An inverter IV1 produces an inhibit signal at the other input of the AND gate AD3 as long as there exists a voltage at the bridge BR. As soon as the voltage at the bridge BR goes to 0 in response to the circuit breaker CB opening the cable PC the inverter applies a high to the AND gate AD3. If this occurs within the predetermined time, e.g. one minute that the timer TI1 allows the latch LA1 to apply a high to the AND gate AD3 the latter goes high. If this high occurs after the inrush restraint period of the start up delay circuit DE, i.e. after the start up delay circuit places highs on AND gates ADI and AD2, the high at AND gate AD3 causes energization of winding W2.
FIG. 2 illustrates details of the integrators IN1 and IN2 and their environments. Here, a capcitor C2 forms the integrator IN1. The time constant of the integrator INI is determined mainly by the capacitor C2 and the effective impedance of the resonant circuit composed of the inductive sensor IS3 and the capacitor C1 which tunes the sensor IS3 to the frequency of the current in the cable PC.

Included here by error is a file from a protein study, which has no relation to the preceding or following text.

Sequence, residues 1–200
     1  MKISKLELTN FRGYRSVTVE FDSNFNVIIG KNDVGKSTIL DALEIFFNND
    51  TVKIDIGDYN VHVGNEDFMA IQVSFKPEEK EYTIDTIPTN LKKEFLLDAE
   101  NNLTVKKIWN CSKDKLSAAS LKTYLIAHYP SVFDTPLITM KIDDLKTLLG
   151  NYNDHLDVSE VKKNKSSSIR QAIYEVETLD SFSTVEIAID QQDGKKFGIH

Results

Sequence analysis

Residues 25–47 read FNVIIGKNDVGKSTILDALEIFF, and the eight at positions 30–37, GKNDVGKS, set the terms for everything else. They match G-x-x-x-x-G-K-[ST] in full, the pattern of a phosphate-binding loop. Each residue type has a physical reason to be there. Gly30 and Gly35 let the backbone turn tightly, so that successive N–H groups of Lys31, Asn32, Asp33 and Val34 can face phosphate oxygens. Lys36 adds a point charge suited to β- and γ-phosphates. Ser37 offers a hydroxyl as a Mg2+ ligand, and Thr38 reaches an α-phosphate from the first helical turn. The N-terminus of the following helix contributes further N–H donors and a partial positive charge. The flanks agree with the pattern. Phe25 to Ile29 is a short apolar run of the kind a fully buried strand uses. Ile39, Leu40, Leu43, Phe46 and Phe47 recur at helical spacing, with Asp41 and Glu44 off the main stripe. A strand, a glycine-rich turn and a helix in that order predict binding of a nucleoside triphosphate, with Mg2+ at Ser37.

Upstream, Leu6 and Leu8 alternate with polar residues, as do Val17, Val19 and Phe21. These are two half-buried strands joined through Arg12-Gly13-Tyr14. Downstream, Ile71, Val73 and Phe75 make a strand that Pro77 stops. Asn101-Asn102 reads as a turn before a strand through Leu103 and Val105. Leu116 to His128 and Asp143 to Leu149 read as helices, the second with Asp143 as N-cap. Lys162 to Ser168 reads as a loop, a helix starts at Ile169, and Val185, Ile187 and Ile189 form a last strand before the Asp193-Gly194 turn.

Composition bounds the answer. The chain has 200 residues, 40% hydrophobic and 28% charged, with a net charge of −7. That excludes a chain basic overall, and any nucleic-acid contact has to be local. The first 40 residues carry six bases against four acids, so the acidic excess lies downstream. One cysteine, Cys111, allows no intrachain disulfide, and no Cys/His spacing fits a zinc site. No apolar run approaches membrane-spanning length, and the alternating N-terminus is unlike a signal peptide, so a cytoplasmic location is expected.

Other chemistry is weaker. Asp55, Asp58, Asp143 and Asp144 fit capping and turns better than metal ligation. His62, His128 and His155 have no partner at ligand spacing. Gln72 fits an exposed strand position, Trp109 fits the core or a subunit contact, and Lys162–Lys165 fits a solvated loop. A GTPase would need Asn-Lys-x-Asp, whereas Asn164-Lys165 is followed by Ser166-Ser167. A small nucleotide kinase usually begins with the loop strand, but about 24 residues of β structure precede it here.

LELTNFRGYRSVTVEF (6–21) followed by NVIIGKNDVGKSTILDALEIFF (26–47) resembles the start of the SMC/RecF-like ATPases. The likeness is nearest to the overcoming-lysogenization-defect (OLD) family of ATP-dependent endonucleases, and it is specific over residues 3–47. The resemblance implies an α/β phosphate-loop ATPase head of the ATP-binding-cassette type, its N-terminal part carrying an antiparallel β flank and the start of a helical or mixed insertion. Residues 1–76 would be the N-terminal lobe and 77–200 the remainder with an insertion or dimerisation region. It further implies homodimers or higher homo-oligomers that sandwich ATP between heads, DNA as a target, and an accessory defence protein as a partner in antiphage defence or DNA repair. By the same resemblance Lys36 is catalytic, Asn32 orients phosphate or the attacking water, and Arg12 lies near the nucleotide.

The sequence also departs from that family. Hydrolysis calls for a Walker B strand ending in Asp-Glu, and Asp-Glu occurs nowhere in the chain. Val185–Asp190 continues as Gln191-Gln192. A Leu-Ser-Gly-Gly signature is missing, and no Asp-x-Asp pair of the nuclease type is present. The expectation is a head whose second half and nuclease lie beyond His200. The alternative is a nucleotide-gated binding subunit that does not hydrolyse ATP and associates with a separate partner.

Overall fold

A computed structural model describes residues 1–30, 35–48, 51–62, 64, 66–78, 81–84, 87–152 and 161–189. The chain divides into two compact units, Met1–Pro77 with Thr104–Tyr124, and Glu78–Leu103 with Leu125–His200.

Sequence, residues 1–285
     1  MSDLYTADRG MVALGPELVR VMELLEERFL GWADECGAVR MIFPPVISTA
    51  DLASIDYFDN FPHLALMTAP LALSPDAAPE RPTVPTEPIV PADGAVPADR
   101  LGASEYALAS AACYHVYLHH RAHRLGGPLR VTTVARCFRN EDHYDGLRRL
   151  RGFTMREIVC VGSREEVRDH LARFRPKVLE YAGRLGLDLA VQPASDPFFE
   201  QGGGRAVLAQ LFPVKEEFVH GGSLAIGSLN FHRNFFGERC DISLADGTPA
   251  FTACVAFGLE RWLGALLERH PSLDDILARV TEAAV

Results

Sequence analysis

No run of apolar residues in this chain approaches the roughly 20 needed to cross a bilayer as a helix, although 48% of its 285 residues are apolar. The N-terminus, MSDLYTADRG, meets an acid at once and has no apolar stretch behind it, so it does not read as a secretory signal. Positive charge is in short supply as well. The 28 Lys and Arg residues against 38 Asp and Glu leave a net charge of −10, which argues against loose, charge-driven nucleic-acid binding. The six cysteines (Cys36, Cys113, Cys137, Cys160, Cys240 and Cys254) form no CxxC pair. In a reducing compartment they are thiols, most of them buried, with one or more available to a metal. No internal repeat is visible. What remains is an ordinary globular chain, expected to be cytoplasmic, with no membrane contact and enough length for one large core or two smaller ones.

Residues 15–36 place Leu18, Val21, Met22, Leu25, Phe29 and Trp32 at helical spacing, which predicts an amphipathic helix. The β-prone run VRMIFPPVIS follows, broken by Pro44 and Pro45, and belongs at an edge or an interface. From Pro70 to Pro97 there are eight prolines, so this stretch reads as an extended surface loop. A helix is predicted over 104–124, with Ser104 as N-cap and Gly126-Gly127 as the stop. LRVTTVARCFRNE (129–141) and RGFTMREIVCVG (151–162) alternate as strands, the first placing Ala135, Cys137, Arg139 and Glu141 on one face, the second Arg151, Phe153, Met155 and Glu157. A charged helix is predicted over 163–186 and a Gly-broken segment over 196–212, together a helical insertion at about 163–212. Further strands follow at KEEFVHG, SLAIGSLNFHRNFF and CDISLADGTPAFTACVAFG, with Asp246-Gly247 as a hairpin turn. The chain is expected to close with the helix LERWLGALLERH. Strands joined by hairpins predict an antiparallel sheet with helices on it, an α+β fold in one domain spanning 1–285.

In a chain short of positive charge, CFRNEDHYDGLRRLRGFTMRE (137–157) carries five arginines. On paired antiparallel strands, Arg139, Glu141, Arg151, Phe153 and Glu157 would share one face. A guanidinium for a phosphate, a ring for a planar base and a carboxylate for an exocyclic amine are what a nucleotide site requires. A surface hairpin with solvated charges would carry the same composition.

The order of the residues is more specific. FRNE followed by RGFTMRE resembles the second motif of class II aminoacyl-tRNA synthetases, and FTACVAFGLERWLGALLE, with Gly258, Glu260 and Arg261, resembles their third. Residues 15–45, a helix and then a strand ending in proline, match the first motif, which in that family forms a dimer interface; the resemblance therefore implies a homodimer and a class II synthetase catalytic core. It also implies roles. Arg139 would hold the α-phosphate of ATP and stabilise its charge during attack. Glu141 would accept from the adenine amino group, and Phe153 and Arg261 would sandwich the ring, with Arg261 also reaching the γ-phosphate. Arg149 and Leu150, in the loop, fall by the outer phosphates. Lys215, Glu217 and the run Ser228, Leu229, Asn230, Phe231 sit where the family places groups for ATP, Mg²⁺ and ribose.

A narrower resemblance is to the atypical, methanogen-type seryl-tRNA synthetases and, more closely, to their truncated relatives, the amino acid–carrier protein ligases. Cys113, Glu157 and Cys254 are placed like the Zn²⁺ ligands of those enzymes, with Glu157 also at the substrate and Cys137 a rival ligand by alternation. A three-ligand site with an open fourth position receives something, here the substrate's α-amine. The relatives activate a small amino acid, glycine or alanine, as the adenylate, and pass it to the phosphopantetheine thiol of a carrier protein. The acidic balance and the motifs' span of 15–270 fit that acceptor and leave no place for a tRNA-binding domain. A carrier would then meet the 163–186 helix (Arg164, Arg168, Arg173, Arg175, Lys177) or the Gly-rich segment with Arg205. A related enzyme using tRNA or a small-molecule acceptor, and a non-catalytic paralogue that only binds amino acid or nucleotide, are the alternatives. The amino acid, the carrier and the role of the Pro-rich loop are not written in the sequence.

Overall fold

The values are chosen so that the voltage Vtrip across the capacitor C2 reaches 95% of the voltage of the bridge BR in about 3 line cycles. According to one embodiment of the invention the capacitor C2 has a value of 4.7 microfarads and the effective impedance a value 3 Kohm although these values are only examples.
A capacitor C3 and a resistor R6 form the second integrator IN2. According to one embodiment of the invention the capacitor C3 has a values such as 1.0 microfarad while the resistor R6 has a value of 15 Kohms. Because the resistor R6 and the capacitor C3 are both connected to the capacitor C2 and the impedance of the tuned circuit C1,IS3, the time constant of the second integrator IN2 includes the effects of the tuned circuit impedance and the capacitor C2. Hence, the time constant of the integrator IN2 is inherently greater than the time constant of integrator IN1. The values of the integrator IN2 are chosen to allow the voltage across capacitor C3 to reach 95% of the voltage at the bridge BR 3 cycles later than the time the voltage across capacitor C2 reaches 95% of the voltage across bridge BR.